Administering CPR to an Infant

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Harvard Medical School
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Administering CPR to an Infant

Guiding Your Child Through The Infant Year
Injury and Illness Prevention
Administering CPR to an Infant
Administering CPR to an Infant
CPR (cardiopulmonary resuscitation) is a basic lifesaving technique used when breathing stops and/or the heart no longer beats.
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Reviewed by the Faculty of Harvard Medical School

Administering CPR to an Infant

CPR — cardiopulmonary resuscitation — is a basic lifesaving technique used when breathing stops and/or the heart no longer beats. In children, CPR is rarely needed for heart problems. More often it is needed for breathing problems due to choking, smoke inhalation, lung disease such as asthma, accidents or drowning.

CPR is most successful when started as quickly as possible, but only when it's necessary. It should only be performed when a baby is not breathing or circulating blood adequately.

To enroll in a CPR course, contact your local office of the American Red Cross or American Heart Association. While this article cannot take the place of a CPR course, here is an overview of the basic steps in performing CPR on an infant:

  • Assess and get help
    The first few seconds should be used to figure out whether the child is unresponsive. To do this, call out the child's name, clap, gently tap his shoulder, or rub his back or chest and watch for any reaction. If the child is not breathing and you get no response, shout for help and proceed to CPR. If you are not alone, have someone else dial 911.
  • Position the baby
    Place the baby on his back on a flat surface such as a table or the floor; otherwise hold the baby over your thigh. If the child has injured himself, be careful when moving him. It is always best to support the head and neck.
  • Perform chest compressions
    Imagine a horizontal line between the infant’s nipples. Place two fingers of one hand just below the line about ½ an inch at the center of the chest. Keep the other hand on the infant’s forehead to keep the head tilted back. Gently press down and compress on the infant’s chest about 1.5 inches (~4cm or 1/3-1/2 the depth of the chest). Count aloud and give 30 chest compressions. You should compress at a rate of at least 100 times per minute — or about five compressions every three seconds. The compressions should be fast and hard with no pausing. Between compressions, the hands are lifted off the chest to let the chest rise completely.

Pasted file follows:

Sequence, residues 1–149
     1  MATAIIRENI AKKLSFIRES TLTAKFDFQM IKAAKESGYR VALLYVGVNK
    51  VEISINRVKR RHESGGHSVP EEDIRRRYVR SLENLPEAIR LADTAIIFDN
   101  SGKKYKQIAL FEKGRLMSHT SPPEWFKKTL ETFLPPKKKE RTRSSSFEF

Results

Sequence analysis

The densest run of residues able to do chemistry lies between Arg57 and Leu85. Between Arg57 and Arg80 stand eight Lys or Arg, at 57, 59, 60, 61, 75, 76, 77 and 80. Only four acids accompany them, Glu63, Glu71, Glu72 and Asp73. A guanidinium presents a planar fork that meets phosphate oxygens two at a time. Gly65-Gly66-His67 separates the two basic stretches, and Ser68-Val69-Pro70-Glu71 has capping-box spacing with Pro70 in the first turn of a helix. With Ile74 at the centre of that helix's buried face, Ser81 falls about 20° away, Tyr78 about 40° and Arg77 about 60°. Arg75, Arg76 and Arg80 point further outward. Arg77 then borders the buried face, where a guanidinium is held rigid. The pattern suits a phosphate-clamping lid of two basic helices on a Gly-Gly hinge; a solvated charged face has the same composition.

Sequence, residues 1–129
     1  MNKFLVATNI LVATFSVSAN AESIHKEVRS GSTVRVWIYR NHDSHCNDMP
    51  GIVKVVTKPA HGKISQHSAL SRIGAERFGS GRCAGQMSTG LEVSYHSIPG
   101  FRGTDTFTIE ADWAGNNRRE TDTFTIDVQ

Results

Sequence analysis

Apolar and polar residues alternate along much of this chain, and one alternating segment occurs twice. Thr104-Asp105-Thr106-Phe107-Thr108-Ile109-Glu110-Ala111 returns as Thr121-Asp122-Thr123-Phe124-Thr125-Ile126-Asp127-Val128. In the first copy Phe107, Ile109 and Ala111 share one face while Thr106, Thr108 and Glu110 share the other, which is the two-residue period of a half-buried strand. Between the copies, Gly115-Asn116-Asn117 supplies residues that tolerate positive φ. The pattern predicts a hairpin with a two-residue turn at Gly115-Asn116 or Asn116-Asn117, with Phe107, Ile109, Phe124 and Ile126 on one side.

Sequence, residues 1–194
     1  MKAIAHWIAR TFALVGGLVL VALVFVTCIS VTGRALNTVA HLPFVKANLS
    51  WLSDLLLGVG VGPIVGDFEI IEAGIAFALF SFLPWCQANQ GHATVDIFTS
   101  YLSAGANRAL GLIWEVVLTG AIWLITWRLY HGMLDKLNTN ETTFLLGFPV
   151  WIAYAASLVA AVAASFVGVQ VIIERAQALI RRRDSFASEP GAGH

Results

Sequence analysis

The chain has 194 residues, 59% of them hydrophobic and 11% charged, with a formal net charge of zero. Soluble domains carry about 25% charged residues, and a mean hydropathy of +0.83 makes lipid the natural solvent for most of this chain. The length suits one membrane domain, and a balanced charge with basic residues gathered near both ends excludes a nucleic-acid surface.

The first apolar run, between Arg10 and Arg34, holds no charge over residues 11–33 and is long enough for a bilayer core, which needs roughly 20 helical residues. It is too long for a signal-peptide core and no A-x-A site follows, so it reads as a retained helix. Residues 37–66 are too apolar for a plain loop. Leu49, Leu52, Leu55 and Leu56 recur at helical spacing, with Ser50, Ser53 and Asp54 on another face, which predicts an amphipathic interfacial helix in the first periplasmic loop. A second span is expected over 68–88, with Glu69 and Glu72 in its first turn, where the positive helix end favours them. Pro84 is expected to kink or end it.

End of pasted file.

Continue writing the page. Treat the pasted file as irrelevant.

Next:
• Open the airway
    Place one hand on the infant's forehead and the other under his chin. Slightly tilt the head back to open the airway by lifting the chin up and out while pushing down on the forehead; an infant's head should not be tilted as much as an adult's.Breath
  • Check for breathing
    In no more than 10 seconds, turn your face toward the infant's chest and look for chest movement. Place your ear and cheek over the infant's nose and mouth to listen for or feel any breathing. If you can see, hear or feel the baby breathing, help him maintain an open airway but do not start rescue breathing. If the baby is not breathing, begin rescue breathing.
  • Perform rescue breathing
    If the infant is not breathing, keep the chin lifted head tilted. Take a deep breath then place your mouth over the baby's nose and mouth, making a tight seal, or place your mouth over the baby's nose and hold the mouth shut. Then give two slow breaths (each about one second long). Watch for the baby's chest to rise with each breath, and end the breath once you see the chest rise. If the chest does not rise, re-position the head to make sure the baby's airway is open, and again try to give a second breath. If the chest still does not rise, the infant may be choking.Child's brachial
  • CPR Child
  • Repeat 30 compressions and 2 breaths
    Give 2 rescue breaths after every 30 compressions. Count out loud as you do this: "1, 2, 3, 4, 5, etc., breathe."
  • Call for help after 2 minutes 

    If, after two minutes of CPR (5 cycles of 30 compressions and two breaths), the infant still does not have normal breathing, coughing, or movement, leave the infant if you are alone and call 911 or your local emergency number. Resume CPR as soon as possible after calling for help.

  • Repeat until the infant recovers or help arrives
    Continue chest compressions and rescue breathing until the infant recovers or help arrives.

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Last updated August 20, 2014

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